Just a quick post here to share a bit of what I was up to this past weekend. It was “Modern Touch Week” over at Reddit’s r/Retrobattlestations which was a competition to show a vintage system using recent / modern enhancement hardware (flash-based floppy emulators, graphics expansions, etc.) in the most extreme or over-the-top fashion possible.
To meet the challenge I reached for my Atari 520ST which sports a recently-designed 4MB RAM expansion as well as an HxC 2001 SD-card-based floppy drive emulator that I built into an external floppy drive enclosure, as the original 520ST has no on-board disk drive (a design I prefer to the 1040ST and Falcon with their internal drives). I have never seen an HxC 2001 configuration like this and I consider it rather unique. The system stand / organizer shown is the A520 STation, a stand I had on my first Atari ST back in 1987 and one that that took me years to locate for my current collection.
After submitting that entry it occurred to me that the ST’s neighbor (one to the left in the “Byte Cellar”) better matches the spirit of the challenge. The system I refer to is my fairly well expanded TI-99/4A (the ’99 was my first computer–Christmas 1982), featuring TI’s large, tank-like Peripheral Expansion Unit containing a 32K RAM expansion, a serial / parallel interface card, and a 5.25-inch disk drive and controller card.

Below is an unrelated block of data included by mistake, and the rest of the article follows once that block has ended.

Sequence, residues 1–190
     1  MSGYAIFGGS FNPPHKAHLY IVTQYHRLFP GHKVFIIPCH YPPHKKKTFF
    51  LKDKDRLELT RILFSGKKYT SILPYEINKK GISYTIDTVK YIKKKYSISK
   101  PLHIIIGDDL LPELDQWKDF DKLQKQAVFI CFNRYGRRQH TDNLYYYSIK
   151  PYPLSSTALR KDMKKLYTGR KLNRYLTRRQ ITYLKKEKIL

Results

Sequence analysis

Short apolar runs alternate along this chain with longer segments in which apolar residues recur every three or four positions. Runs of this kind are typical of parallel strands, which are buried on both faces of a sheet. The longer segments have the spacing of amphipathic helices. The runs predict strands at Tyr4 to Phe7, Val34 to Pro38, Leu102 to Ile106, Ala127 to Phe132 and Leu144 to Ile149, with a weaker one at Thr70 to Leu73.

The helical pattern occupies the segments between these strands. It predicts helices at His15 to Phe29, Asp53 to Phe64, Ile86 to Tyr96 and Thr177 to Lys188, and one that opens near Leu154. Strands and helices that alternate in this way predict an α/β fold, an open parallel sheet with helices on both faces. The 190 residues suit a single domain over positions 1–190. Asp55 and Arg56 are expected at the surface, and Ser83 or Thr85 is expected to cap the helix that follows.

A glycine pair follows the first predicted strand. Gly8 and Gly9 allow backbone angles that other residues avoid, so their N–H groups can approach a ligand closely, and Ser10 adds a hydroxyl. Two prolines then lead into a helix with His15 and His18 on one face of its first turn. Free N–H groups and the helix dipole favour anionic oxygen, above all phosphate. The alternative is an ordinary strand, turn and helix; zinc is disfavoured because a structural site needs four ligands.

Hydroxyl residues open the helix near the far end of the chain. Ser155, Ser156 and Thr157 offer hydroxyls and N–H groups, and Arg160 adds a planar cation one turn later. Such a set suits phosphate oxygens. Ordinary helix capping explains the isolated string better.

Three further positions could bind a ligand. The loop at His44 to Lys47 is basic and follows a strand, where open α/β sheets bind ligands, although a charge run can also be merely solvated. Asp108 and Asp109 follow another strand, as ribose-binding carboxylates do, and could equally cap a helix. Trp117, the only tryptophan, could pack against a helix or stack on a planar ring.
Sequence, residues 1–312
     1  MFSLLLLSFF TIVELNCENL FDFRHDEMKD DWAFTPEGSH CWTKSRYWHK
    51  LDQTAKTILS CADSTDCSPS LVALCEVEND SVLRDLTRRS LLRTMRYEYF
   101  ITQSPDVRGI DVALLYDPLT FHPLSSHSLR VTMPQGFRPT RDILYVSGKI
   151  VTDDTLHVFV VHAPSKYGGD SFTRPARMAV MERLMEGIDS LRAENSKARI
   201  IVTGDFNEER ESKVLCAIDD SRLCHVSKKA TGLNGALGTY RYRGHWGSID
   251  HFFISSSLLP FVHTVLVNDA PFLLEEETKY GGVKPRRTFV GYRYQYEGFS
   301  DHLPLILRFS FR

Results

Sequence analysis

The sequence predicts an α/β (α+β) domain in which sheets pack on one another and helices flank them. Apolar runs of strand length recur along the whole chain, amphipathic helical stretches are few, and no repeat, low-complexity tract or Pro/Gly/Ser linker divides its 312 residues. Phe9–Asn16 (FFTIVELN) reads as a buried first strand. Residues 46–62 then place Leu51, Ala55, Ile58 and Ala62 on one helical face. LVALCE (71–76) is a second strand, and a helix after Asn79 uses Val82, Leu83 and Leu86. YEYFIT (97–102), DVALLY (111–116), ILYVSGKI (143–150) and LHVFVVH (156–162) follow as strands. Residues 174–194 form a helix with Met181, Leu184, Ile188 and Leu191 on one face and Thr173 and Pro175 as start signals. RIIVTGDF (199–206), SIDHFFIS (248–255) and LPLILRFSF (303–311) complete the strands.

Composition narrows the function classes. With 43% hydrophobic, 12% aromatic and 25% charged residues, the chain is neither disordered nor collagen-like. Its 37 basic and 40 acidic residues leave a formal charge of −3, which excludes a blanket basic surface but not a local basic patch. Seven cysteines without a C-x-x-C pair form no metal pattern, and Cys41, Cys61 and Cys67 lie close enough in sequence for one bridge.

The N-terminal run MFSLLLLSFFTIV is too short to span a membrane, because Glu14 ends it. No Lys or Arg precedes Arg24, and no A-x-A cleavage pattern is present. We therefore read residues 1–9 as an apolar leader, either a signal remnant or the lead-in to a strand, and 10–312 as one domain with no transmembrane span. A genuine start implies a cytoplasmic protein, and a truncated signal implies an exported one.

In the world of modern PC graphics hardware, all the buzz right now is about a rendering technique call ray tracing. This is mainly due to the release of Nvidia’s RTX development platform and Microsoft announcing its compatible DirectX Raytracing (DXR) API for DirectX 12 for Windows, both having taken place earlier this year. DXR allows Windows developers to utilize modern GPUs to accelerate the process of ray tracing a 3D environment in real time. This is big news for gamers because ray tracing allows for a much more realistic rendering of light and it’s real-world behavior within a 3D scene. Or…it will be as, presently, only a few games have been updated to utilize the rendering features that DXR brings to the table. And there aren’t a lot of GPUs out there yet with hardware designed with DXR in mind, directly targeting the acceleration of ray tracing calculations. Even still, it seems that ray tracing has become the new hotness and it’s even driven some observers fairly well out of their mind. It’s what’s new in tech.
Or is it?
Reading through today’s tech media, the casual observer could be forgiven for thinking so. One of the first articles I read about Nvidia’s new GPU’s (MarketWatch, Aug. 14) stated,
Nvidia on Monday announced its next-generation graphics architecture called Turing, named after the early-20th century computer scientist credited as the father of artificial intelligence.